Compliance guidelines should be developed to prevent the loss of sensitive or personal information and to avoid fines. Setting role-based privileges is effective in defining access permissions to sensitive information, and should shrink a company's attack surface. Organizations should outline and encrypt sensitive data stores and sensitive data in transit using encryption software. Many other industry-specific compliance regulations only apply to specific businesses. These should be accounted for and managed continuously. Data loss prevention software can also help companies prevent data from unauthorized extraction; the most common accidental data loss is when employees download copies of files to use on their local machines.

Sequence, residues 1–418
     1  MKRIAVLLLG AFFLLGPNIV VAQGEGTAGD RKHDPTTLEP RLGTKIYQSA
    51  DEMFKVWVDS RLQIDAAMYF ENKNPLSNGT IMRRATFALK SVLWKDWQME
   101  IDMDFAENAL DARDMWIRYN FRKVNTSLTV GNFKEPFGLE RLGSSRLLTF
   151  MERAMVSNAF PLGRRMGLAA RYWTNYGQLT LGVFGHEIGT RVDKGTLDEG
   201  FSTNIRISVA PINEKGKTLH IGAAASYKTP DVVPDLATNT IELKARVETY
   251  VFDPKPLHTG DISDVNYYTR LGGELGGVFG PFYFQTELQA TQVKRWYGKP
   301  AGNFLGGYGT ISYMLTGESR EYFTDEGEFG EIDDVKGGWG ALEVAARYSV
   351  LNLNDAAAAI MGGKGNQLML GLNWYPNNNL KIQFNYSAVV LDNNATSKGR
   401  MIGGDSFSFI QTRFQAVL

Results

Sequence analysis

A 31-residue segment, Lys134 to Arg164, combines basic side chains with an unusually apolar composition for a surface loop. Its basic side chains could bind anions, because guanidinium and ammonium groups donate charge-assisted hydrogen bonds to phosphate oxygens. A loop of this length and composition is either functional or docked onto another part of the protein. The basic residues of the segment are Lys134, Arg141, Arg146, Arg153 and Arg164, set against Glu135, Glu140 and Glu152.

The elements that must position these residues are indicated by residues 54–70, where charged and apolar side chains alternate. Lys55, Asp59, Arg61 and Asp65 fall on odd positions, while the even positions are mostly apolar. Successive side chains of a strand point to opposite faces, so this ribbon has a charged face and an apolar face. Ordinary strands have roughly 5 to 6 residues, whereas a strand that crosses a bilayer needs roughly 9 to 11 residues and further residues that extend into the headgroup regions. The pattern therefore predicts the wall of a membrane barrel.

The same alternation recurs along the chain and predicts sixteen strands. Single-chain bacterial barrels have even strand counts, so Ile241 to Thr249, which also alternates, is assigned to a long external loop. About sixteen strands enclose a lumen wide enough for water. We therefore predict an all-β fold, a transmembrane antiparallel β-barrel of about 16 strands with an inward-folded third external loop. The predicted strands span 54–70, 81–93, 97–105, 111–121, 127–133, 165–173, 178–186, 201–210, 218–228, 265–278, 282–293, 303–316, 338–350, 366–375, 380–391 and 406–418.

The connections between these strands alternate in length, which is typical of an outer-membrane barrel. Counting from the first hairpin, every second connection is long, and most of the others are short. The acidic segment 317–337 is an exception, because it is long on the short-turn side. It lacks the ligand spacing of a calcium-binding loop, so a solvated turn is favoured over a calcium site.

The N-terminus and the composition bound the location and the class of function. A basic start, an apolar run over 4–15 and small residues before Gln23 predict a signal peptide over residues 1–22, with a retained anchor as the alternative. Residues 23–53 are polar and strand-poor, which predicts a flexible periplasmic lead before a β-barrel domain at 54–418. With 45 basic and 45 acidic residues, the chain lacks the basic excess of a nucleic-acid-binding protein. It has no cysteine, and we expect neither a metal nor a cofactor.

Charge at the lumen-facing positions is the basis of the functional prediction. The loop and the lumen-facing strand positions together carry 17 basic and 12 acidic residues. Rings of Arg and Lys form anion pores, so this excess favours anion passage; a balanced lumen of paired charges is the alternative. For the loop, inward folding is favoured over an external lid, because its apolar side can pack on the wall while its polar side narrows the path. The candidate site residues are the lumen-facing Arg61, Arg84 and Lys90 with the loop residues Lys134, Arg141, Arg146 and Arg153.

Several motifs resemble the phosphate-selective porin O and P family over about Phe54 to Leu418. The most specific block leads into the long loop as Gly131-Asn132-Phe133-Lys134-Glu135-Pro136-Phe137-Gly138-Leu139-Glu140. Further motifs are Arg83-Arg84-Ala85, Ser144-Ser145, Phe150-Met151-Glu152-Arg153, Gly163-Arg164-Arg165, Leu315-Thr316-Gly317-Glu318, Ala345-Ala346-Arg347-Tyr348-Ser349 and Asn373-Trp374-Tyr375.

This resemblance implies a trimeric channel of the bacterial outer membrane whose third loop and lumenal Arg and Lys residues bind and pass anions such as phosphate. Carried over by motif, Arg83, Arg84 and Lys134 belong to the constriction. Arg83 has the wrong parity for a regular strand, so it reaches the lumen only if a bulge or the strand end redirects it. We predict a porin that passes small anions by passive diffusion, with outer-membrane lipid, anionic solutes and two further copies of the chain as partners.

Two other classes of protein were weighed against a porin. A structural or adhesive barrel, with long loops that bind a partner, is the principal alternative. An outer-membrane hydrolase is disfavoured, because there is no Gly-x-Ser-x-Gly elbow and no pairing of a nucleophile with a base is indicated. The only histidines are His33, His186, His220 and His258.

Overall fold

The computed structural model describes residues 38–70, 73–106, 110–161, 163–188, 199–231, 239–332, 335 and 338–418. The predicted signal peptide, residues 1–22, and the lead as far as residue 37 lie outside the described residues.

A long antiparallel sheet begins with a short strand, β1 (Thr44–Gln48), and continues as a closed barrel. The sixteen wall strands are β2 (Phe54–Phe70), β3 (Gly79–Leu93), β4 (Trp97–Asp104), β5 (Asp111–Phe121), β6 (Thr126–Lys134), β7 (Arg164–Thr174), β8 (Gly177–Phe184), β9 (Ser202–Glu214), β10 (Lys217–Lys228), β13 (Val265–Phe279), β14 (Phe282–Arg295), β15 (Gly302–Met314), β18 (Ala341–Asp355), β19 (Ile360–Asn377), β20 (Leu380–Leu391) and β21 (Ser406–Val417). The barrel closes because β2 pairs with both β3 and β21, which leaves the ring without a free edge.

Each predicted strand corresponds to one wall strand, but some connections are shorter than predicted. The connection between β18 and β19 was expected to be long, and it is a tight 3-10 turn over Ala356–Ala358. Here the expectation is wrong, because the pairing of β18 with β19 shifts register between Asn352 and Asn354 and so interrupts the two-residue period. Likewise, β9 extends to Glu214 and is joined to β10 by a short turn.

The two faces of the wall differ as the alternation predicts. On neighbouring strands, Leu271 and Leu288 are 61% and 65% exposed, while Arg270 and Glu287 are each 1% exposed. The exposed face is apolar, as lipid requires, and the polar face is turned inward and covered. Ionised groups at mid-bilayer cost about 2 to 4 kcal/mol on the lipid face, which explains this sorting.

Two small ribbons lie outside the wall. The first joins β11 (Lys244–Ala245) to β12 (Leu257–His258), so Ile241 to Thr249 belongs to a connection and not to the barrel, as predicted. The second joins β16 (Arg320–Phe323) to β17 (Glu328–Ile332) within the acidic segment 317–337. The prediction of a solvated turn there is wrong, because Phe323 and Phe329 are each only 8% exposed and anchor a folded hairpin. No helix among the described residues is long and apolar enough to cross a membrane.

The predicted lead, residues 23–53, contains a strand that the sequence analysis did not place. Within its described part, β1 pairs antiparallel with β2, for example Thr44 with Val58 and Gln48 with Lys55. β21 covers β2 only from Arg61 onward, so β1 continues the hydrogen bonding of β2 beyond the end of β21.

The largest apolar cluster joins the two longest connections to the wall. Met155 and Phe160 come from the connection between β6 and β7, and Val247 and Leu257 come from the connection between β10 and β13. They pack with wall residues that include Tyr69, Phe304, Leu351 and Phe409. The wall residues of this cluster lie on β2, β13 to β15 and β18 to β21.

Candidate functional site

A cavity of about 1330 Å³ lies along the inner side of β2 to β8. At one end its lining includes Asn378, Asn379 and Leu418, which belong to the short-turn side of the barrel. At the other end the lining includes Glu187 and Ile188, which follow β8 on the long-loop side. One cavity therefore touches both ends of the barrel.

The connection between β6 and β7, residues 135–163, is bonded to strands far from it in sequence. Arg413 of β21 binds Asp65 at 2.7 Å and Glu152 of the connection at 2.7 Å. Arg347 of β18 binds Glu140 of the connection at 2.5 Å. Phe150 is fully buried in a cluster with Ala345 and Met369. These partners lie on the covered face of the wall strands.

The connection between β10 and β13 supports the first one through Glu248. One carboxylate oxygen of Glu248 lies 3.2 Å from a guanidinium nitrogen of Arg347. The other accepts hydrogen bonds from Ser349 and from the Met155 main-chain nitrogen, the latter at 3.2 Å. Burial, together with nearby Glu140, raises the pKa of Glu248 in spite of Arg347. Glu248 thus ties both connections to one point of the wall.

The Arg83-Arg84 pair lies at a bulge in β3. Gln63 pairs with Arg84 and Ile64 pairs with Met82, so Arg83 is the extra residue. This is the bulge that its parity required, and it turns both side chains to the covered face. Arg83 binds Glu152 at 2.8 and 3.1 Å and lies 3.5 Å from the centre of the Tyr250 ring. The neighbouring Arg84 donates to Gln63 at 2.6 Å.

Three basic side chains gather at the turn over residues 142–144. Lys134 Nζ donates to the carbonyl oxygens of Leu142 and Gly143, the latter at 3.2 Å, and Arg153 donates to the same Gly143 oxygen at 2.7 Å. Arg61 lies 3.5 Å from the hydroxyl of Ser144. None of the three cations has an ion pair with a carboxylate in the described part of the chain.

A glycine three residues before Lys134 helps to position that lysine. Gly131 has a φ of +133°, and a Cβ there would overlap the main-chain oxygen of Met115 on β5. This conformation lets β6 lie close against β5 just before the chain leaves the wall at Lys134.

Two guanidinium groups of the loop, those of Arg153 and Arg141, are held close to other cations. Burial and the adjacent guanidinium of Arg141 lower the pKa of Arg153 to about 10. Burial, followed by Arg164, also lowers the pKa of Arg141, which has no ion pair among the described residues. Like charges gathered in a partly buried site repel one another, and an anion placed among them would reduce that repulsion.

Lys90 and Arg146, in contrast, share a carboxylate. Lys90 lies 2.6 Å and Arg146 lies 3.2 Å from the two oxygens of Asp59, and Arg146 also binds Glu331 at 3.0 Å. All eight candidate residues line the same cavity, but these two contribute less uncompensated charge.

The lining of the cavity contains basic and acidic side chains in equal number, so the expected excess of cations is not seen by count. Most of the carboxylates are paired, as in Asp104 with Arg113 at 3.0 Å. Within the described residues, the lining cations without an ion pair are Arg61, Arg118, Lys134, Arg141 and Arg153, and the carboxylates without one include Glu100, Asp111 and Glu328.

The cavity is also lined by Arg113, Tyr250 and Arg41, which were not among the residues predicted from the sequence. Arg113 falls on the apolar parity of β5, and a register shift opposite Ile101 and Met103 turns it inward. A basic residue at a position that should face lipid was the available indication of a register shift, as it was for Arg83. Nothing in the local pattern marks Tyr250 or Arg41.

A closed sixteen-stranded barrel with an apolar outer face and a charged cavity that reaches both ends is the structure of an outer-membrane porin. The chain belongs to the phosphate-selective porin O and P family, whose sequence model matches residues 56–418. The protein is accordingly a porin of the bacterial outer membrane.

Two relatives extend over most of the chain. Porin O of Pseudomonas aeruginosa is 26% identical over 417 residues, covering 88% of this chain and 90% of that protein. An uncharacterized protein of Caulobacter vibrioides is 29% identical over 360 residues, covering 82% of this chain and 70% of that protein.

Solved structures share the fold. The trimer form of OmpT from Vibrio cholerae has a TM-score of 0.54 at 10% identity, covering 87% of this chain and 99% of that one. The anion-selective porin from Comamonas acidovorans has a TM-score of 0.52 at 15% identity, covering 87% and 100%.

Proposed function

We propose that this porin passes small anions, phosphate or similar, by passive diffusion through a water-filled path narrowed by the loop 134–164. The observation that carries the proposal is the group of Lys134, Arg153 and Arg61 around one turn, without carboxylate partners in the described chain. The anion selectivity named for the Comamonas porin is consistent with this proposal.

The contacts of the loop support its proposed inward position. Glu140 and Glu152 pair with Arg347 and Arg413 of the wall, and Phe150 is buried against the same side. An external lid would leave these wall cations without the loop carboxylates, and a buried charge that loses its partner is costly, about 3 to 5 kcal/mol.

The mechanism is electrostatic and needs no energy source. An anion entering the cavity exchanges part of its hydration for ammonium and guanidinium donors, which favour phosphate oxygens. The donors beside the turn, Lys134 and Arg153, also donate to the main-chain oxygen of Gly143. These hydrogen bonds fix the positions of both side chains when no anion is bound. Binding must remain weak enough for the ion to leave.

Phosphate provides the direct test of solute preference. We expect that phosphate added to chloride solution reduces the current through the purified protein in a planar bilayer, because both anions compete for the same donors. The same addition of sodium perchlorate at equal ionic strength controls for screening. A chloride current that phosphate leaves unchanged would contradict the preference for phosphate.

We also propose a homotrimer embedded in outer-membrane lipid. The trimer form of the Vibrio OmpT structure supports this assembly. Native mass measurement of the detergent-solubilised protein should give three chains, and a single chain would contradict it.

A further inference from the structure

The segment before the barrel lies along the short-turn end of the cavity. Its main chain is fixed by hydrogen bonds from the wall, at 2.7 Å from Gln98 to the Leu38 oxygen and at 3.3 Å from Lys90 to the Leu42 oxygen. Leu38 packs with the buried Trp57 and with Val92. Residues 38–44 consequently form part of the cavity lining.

Password policy development and enforcement should also be a core part of every organization's security plans. Companies should require devices and account passwords be updated regularly. They should also enforce strong password protection guidelines that follow industry standard policies such as those NIST (National Institute of Standards and Technology) releases every year. The natural corollary to password protection is adding multi-factor authentication to accounts, which requires a second or third verification step before granting access to corporate assets.   

Bring-your-own-device “BYOD” policies are commonplace among modern businesses, but companies should still keep a close eye on all devices connected to their network. Companies should enforce regular anti-malware, application, and system updates. The most difficult aspect of BYOD security management is ensuring sensitive files and information doesn’t leave the network. User and entity behavior analytics platforms can be used to set behavioral benchmarks and continuously monitor activity to detect anomalies and insider threats. 

Harden applications and secure the network